In less than an hour train ride from Tokyo, you can visit the ancient city of Kamakura. Kamakura became the political center of Japan when Minamoto Yoritomo started the very first Shogunate military government in 1192. It is situated in the Sagami bay, with very rich blessings from the sea, along with the mountainous areas north, east, and west of the bay. The bay and mountains served as a natural fortress to protect the Kamakura government from enemies, and Kamakura prospered as the first city run by a Shogun government.
Engakuji Temple in Kamakura is one of the most prestigious Zen temples in Japan. Founded in 1282 by the ruling regent Hojo Tokimune, it was established to pay respect to the soldiers who had fallen in the invasion attempt by the Mongols in 1274 and 1281. Hojo Tokimune built this temple to spread the Zen teachings and to also bring peace to the spirits of both Japanese and Mongol soldiers. Tokimune invited Chinese priest Wuxue Zuyuan, 無學祖元 (J., Mugaku Sogen; 1226–1286), to serve as the first priest of this temple.
The temple maintains the classical Chinese Zen monastic design, with a Sanmon (Mountain Gate), Butsuden (Buddha Hall), Hojo (Abbot’s Quarters), Yokushitsu (Bath House), Tosu seki (Toilet foundations), and Sodo (Meditation Hall). The temple is also valued for its status as the oldest example of Tang Chinese-style architecture left in Japan.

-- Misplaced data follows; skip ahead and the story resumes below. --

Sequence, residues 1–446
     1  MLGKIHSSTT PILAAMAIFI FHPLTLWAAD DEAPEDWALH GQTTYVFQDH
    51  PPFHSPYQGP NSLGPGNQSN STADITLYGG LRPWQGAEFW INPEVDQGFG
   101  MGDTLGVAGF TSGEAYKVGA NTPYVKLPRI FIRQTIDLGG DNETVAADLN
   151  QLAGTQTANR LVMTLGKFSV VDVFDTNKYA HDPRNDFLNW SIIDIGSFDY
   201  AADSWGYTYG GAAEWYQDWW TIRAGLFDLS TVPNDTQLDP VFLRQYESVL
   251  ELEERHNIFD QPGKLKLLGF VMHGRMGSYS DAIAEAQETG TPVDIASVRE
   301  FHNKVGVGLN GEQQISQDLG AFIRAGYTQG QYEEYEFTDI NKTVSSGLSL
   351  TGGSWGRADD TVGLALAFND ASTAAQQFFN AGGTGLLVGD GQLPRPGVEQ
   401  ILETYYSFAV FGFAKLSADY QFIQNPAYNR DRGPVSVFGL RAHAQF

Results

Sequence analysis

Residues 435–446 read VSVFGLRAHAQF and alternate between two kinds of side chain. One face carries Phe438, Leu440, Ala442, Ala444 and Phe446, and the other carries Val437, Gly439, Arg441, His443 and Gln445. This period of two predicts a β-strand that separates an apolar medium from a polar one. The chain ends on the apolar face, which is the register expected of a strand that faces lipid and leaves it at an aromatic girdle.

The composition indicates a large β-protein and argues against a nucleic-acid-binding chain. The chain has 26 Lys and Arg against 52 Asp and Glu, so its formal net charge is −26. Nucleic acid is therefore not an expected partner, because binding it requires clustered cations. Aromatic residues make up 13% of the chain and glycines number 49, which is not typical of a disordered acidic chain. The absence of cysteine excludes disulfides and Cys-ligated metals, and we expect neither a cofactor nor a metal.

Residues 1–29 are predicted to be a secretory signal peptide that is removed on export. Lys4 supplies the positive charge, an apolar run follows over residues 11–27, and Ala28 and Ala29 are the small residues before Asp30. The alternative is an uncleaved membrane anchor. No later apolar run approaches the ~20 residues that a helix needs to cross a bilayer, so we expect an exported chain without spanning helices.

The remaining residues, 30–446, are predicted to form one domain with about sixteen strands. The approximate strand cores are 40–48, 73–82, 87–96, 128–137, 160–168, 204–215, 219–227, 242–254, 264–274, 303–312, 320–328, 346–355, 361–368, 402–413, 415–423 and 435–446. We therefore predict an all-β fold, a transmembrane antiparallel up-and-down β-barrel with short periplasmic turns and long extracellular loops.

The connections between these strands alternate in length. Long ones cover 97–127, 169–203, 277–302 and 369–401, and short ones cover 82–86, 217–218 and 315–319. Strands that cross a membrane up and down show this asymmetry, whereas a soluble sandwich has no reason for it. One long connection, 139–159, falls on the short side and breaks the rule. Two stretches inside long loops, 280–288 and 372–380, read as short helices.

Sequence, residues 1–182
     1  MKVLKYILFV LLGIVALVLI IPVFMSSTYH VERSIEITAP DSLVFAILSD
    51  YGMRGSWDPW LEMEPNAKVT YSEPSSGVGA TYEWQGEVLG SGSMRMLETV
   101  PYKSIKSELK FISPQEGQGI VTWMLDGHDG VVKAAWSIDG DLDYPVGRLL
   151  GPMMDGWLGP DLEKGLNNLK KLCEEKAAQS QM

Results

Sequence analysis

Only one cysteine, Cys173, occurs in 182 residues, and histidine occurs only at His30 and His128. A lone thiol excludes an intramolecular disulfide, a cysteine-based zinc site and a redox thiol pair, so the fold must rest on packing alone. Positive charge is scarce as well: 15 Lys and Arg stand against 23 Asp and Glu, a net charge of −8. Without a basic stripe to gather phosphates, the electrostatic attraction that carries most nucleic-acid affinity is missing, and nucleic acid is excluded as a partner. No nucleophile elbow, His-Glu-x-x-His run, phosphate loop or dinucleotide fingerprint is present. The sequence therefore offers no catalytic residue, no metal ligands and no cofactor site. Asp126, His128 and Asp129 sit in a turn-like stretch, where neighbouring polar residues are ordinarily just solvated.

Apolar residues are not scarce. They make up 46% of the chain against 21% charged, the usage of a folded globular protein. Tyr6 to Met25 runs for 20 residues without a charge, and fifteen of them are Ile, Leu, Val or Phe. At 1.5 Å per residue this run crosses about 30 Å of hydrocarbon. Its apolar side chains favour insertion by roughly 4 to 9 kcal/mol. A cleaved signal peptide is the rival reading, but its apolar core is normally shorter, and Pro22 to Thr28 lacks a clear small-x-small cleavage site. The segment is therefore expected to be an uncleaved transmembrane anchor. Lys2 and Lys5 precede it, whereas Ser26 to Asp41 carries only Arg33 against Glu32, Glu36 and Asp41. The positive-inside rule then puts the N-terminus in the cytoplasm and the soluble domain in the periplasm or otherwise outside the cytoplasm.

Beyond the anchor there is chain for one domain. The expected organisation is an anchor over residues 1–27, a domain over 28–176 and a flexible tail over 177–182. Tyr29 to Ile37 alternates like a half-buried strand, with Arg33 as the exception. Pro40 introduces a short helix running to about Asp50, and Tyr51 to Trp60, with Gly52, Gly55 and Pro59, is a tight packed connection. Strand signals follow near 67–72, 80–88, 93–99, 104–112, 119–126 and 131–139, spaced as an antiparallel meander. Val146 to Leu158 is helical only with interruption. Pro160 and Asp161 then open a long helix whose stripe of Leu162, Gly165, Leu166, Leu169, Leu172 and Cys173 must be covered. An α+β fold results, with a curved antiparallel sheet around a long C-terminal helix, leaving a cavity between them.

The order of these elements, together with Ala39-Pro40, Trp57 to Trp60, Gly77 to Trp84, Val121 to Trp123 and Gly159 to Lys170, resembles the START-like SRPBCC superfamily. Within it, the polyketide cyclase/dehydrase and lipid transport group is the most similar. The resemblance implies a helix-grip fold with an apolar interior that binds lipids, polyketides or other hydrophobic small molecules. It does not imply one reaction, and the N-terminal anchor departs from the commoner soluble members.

The Engakuji temples is very active in spreading the teachings of Zen to the people, and they have Zen meditation sessions open to the public everyday from 6:00 am to 7:00 am, as well as Saturday sessions from 1:20-2:20 pm (for beginners) and 2:40-3:40 pm (for repeating practitioners) and Sunday sessions on the first, third, and fifth Sundays form 8:00 am.
Engakuji temple is a favorite among people in Tokyo to enjoy the autumn foliage. You can enjoy all different colors – red, orange, yellow, and brown at its peak. The dark green moth in the temple precincts will allow you to enjoy the autumn leaves even after they have fallen, which is another way of enjoying the foliage.